• Expect to talk about your history. Your therapist will ask you about some of your history your first session such as important relationships, academic and work history, and how your current situation developed. You don’t need to give the full account of your life story but come ready with a few highlights.
  • Expect the office to look like a living room. You may have been imagining yourself resting on a chaise lounge as your therapist asks, “And how does that make you feel?” More realistically, you’ll typically have a living room setup with whatever personal touches your therapist brings. The room might even give you clues as to whether you two will be a good fit. If the office looks very clinical and there’s not a lot in there, then you might expect a more formal relationship.
  • Don’t just sit there. We can’t stress the importance of the client-therapist relationship which means this is a team effort. If you don’t take an active part in the sessions, you won’t find the counseling experience valuable or meaningful.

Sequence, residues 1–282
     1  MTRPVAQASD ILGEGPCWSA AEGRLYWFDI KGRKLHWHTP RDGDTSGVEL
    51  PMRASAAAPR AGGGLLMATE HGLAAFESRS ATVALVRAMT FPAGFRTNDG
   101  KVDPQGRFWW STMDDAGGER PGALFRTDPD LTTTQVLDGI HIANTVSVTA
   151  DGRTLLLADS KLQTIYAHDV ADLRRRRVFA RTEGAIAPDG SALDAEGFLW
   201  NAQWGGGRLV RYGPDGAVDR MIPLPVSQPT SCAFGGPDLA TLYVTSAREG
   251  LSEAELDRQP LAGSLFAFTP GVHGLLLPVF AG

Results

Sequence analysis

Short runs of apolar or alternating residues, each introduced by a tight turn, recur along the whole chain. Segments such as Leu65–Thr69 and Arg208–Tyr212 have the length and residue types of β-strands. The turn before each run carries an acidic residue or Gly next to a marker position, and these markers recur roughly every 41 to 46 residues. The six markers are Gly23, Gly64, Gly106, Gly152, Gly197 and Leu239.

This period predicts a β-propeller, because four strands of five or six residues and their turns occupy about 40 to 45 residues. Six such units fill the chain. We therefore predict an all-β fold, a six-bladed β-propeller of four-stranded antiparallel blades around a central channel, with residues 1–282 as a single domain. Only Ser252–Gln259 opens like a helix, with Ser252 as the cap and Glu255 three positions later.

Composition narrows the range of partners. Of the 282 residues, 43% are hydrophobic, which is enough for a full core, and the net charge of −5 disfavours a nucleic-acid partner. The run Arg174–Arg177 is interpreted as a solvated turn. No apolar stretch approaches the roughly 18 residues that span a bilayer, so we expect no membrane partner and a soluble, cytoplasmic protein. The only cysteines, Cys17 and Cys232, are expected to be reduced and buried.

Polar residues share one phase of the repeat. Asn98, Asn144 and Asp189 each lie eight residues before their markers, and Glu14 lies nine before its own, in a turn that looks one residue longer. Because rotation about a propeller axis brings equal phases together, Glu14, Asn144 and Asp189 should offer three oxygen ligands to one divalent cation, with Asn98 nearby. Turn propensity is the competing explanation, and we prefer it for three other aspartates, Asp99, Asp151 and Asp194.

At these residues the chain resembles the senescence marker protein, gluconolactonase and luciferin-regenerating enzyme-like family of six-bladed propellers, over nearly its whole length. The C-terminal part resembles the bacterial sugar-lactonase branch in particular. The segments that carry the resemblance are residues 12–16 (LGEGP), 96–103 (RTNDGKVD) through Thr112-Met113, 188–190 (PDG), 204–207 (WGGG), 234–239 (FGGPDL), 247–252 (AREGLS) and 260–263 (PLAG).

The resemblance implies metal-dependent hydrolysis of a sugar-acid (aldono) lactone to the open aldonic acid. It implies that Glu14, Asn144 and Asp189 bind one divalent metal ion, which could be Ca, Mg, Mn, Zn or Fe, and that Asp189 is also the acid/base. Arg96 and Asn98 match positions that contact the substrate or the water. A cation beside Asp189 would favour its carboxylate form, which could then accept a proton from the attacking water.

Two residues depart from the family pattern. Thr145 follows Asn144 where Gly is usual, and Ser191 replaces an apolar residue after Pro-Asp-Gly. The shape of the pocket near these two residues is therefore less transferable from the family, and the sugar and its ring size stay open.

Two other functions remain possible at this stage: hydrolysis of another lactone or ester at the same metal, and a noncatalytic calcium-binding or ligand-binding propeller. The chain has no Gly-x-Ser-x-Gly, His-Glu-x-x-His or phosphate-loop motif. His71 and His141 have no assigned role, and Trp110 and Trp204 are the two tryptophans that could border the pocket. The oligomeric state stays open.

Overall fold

• Be open and honest.Counselors are trained to ask the right questions, but they are not mind readers. If you are open during your therapy sessions, you will have a more effective outcome.
  • List your hot buttons. It doesn’t hurt to discuss actions or words that can be done or said by either that could harm the relationship. For instance, being perpetually late may be a pet peeve for either the client or therapist. Knowing information like this can help to preserve the relationship and also help the client and therapist better understand each other.